On February 4th, 2022, the U.S. Department of Labor (DOL), Department of Health and Human Services (HHS), and Department of the Treasury (collectively, the Departments) released Frequently Asked Questions (FAQs) Part 52 clarifying group health plan coverage of over-the-counter (OTC) COVID-19 tests. Specifically, the FAQs address flexibility in how plans provide access to OTC COVID-19 tests under previously established requirements. In addition, the clarifying guidance answers several questions about the coverage rules originally outlined in earlier guidance. Previously, on December 30th, 2021, the DOL announced a separate policy regarding group health plan disclosure requirements.
Background on Guidance
Released on January 10, the Departments’ FAQs Part 51 established guidelines regarding implementation of the Families First Coronavirus Response Act (FFCRA), the Coronavirus Aid, Relief, and Economic Security Act (CARES Act), and the Affordable Care Act. Generally, the guidelines outlined a “safe harbor” non-enforcement policy for limiting OTC at-home COVID-19 test reimbursement. In sum, plans can limit reimbursement of such tests. Thus, reimbursement may be up to $12 per test or the actual cost of the test, whichever is less. Markedly, to qualify under the safe harbor, the policy requires plans to:
- provide adequate access to OTC COVID-19 tests through the direct coverage program without upfront out-of-pocket expenditure by the participant,
- ensure availability of tests through either a network of preferred providers or direct-to-consumer shipping, and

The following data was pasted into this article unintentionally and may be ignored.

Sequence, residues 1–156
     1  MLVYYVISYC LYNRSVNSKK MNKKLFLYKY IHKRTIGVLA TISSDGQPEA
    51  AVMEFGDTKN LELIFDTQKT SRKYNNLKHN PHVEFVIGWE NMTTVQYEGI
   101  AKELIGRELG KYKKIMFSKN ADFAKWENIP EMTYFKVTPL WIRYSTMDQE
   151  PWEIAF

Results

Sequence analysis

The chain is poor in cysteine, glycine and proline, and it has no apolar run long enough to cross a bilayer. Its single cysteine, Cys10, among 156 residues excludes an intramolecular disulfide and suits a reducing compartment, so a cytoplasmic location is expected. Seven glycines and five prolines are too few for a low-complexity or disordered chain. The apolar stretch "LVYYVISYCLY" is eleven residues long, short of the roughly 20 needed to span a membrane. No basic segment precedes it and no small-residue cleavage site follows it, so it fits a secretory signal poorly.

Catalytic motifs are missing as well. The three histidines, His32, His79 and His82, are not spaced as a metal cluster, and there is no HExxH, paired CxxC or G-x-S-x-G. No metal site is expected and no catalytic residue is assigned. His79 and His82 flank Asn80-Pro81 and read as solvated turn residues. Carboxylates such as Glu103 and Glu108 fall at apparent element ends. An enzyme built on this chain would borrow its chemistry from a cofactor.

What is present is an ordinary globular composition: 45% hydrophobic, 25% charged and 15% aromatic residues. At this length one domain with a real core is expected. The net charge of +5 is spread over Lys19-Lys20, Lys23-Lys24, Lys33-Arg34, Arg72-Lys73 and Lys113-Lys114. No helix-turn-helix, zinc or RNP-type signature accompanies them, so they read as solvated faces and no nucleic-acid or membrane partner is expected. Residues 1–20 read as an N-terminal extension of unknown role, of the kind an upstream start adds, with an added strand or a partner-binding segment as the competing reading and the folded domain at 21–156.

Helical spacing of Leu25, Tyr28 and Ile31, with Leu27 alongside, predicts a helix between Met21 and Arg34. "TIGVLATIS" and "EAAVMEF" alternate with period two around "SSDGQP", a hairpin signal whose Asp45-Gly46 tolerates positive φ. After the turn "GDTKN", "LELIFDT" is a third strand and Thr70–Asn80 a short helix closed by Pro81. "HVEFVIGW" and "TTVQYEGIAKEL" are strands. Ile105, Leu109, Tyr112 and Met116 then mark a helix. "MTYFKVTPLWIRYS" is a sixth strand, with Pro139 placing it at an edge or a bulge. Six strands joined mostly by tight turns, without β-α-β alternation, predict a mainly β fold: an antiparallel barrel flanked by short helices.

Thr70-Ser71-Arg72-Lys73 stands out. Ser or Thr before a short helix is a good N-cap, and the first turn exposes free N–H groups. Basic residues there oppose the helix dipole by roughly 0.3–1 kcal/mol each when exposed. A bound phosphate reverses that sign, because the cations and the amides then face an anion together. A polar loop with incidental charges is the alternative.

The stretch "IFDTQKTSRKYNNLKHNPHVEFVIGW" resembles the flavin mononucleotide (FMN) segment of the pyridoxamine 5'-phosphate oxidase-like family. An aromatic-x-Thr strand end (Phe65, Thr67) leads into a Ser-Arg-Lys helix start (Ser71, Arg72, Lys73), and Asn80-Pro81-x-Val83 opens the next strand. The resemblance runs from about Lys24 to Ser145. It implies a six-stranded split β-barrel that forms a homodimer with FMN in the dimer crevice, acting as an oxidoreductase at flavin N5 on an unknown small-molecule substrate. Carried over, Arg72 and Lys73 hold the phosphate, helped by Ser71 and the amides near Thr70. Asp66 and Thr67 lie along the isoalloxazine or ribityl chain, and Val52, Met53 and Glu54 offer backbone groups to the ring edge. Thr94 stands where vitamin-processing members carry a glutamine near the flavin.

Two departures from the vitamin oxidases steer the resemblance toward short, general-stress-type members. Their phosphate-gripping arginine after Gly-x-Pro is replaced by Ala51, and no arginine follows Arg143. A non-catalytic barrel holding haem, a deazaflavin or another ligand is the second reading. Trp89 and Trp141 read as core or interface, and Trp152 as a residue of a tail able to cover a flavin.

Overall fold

- allow participants no less than 8 tests per 30-day period (or per calendar month).
New FAQs on COVID-19 Tests and “Safe Harbor”
Overall, the Departments’ new guidance offers flexibility for plans to meet the safe harbor requirements when offering OTC COVID-19 tests. Additionally, the FAQs cover inquiries about direct-to-consumer shipping programs and the requirement of “adequate access” to tests. The following questions and answers provide pertinent information clarifying the current guidance:
Q1: Do plans and issuers have flexibility in how they establish a direct-to-consumer shipping program and direct coverage through an in-person network in order to qualify for the safe harbor?
A: Plans must make tests available through at least one direct-to-consumer shipping mechanism and at least one in-person mechanism. However, in specific limited circumstances, a plan can offer adequate access to tests without needing both. Moreover, the definition of “direct-to-consumer shipping” includes online or telephone ordering. Finally, a direct coverage program does not have to cover all FDA-approved at-home COVID-19 tests.
Q2: What if a plan is unable to provide adequate access to OTC COVID-19 tests through its direct coverage program due to a supply shortage?
A: They may still be compliant. In that circumstance, a plan or issuer that otherwise meets the requirements of the safe harbor may continue to limit reimbursement to $12 per test (or the full cost of the test, whichever is lower) for tests purchased outside of the program.
Q3: Can a plan address suspected fraud and abuse related to the reimbursement of tests purchased by a participant from a private individual or via online auctions, resale marketplaces, or resellers?
A: Yes. The FFCRA prohibits medical management of coverage of COVID-19 diagnostic testing. However, plans are permitted to take reasonable steps to prevent, detect, and address fraud and abuse.
Q4: Do requirements apply to COVID-19 tests that use a self-collected sample but require processing by a laboratory or other health care provider to return results?
A: No. The requirements apply to OTC COVID-19 tests that are approved, cleared, or authorized for use by the Food and Drug Administration (FDA) and that can be obtained without a prescription and completely used and processed without the involvement of a laboratory or other health care provider.
Q5: How does a plan’s test coverage impact health flexible spending arrangements and similar account-based plans?
A: As a medical expense, tests are generally reimbursable by health flexible spending arrangements (FSAs) and health reimbursement arrangements (HRAs). However, as plans must now cover OTC COVID-19 tests, an individual cannot seek reimbursement from both the plan and FSAs or HRAs.